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Health, Science, Environment
Environmental issues in Missouri are complicated. Communities along the Missouri and Mississippi Rivers are experiencing worse and more frequent floods. People living near toxic waste sites are dealing with the stress of waiting for contamination to be cleaned up. And to top it off, climate change is adversely affecting the health and economy for city residents and rural communities.St. Louis Public Radio keeps you informed of the most pressing environmental issues in the state and presents the voices of people who are most affected by them.

Agreement Reached On Bridgeton Landfill, But Questions Still Remain

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Véronique LaCapra, St. Louis Public Radio

Missouri Attorney General Chris Koster announced a preliminary agreement on Tuesday with the owner of the Bridgeton Landfill.

Koster filed a lawsuit against Republic Services six weeks ago, alleging violations of state environmental laws. A fire has been smoldering underground at the landfill for two and half years.

Under the agreement, Republic Services will pay to relocate nearby residents while it removes unstable concrete pipes from the landfill, a process that will take at least two weeks.

The construction will increase odors, but according to a letter from the state health department, not short term health risks.

The work is necessary before Republic can move forward with plans to cover part of the landfill with a hard plastic cap — an effort to contain foul-smelling, potentially toxic fumes.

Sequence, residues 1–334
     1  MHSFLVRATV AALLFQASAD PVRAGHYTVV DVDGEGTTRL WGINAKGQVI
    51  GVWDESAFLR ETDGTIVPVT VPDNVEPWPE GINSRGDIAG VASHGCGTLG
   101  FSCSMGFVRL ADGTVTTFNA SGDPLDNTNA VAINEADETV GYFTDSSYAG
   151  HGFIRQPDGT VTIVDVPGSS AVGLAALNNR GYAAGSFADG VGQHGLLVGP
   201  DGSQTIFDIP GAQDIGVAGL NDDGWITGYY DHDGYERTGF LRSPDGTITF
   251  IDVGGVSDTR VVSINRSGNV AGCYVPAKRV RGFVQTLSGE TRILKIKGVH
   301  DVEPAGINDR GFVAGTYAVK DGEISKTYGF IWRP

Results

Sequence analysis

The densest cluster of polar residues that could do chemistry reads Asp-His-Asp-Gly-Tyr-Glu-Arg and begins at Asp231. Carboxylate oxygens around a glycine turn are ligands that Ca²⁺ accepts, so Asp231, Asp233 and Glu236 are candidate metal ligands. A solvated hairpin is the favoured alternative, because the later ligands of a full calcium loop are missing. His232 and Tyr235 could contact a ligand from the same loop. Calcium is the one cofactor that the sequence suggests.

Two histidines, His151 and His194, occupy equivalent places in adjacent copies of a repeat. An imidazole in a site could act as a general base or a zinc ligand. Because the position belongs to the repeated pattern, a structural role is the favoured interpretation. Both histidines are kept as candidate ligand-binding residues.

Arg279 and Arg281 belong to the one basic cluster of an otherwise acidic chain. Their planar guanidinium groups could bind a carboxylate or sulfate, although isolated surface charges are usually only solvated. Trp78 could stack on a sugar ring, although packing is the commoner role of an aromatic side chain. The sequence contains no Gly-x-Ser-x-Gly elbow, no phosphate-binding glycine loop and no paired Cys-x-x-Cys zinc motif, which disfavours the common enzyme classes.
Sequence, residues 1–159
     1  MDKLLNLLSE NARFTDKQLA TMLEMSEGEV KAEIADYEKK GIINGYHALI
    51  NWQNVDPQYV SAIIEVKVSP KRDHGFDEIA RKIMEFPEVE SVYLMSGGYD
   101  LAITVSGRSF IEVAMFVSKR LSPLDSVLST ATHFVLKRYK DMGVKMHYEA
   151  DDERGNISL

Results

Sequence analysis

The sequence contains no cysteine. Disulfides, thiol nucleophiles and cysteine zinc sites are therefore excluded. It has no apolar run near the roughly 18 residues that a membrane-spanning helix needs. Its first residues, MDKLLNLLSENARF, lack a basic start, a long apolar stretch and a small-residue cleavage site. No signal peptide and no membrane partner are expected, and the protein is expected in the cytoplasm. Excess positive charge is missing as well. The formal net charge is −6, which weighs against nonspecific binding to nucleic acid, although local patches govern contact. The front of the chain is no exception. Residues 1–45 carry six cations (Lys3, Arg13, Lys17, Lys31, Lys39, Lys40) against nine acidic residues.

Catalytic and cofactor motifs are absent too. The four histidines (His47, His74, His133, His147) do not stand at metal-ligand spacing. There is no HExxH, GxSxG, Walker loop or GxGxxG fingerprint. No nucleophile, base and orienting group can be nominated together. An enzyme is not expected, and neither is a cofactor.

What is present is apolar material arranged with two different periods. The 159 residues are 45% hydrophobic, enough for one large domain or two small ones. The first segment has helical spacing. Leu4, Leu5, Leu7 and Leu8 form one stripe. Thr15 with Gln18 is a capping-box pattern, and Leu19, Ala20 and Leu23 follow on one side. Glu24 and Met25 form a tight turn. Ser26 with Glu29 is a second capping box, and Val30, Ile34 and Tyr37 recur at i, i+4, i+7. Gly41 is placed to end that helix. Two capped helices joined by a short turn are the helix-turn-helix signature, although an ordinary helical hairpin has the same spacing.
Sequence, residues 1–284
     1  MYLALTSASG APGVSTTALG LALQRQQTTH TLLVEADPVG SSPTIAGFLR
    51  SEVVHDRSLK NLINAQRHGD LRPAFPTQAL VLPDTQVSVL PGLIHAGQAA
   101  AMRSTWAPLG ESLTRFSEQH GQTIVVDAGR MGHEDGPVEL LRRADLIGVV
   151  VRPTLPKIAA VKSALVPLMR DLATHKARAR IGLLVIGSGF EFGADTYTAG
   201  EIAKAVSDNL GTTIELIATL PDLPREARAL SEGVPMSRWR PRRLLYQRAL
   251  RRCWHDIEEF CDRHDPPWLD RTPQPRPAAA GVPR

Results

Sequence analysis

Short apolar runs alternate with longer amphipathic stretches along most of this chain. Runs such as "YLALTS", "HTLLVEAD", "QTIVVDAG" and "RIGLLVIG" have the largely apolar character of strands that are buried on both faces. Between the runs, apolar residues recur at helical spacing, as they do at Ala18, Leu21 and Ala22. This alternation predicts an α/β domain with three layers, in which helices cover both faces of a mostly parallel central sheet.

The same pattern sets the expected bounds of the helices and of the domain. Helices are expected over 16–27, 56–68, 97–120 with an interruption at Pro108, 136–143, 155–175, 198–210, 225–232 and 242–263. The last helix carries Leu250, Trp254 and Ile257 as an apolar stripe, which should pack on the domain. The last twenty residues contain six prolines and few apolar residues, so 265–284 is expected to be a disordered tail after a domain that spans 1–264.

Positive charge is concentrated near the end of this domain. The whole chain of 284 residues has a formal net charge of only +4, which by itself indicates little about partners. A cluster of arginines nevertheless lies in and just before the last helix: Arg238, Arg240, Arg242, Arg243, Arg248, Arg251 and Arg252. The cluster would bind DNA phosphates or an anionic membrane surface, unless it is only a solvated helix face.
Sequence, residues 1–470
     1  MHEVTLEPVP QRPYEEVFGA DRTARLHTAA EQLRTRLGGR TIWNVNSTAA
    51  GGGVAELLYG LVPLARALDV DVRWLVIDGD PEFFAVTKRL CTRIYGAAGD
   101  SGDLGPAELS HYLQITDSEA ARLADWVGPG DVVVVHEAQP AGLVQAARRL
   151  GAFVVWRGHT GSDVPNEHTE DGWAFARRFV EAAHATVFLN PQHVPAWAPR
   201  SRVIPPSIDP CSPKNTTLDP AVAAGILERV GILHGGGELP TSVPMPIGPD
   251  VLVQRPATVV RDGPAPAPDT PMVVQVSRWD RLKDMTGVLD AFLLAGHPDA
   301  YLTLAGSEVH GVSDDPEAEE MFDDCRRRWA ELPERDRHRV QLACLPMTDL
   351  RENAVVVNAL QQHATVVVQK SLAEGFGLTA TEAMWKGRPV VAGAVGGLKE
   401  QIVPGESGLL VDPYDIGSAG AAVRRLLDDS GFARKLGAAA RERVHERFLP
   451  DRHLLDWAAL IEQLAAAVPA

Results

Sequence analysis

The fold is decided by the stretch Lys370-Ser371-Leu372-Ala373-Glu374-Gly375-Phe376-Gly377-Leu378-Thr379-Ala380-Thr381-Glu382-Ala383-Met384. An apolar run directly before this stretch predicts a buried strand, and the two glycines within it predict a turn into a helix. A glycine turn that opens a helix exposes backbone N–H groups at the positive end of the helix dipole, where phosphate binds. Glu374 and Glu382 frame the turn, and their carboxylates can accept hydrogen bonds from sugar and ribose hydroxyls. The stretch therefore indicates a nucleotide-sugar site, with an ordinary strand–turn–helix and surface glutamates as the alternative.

Koster says the agreement also includes possible steps to keep the fire from spreading.

"Such steps may include the drilling of additional interceptor wells, the installation of additional temperature probes, complete capping of the north quarry, and ultimately, if necessary, the construction of a physical barrier between the fire and the radioactive material at the Westlake Landfill,” Koster said.

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Credit Véronique LaCapra, St. Louis Public Radio
This Missouri Department of Natural Resources map shows the Bridgeton Landfill. The underground fire is shaded in red, the radioactive waste in orange.

But when asked whether the state would meet with the public to discuss health concerns, Attorney General Chris Koster said that's not up to him.

"Public questions related to the dissemination of public information and transparency related to this situation should be asked and answered by the Department of Natural Resources and the Department of Health," Koster said.

Residents say they've been frustrated by the lack of communication from those departments. And so far, neither the Department of Natural Resources nor the Department of Health & Senior Services have answered whether they plan to meet with the area residents to discuss their concerns.

Koster says the preliminary agreement with Republic Services does not settle the lawsuit, which he says is intended to address long term environmental impacts.

Follow Véronique LaCapra on Twitter@KWMUScience

 

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